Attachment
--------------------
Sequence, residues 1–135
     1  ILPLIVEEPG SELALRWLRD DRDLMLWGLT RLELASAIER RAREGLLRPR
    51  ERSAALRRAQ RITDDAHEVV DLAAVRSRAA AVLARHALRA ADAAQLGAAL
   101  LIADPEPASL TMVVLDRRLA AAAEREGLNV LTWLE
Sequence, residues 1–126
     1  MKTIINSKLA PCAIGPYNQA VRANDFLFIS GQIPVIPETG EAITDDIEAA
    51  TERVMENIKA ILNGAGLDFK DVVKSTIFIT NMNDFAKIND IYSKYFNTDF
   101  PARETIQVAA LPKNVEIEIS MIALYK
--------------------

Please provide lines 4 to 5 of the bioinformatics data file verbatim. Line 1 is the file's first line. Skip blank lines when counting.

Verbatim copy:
   101  LIADPEPASL TMVVLDRRLA AAAEREGLNV LTWLE
Sequence, residues 1–126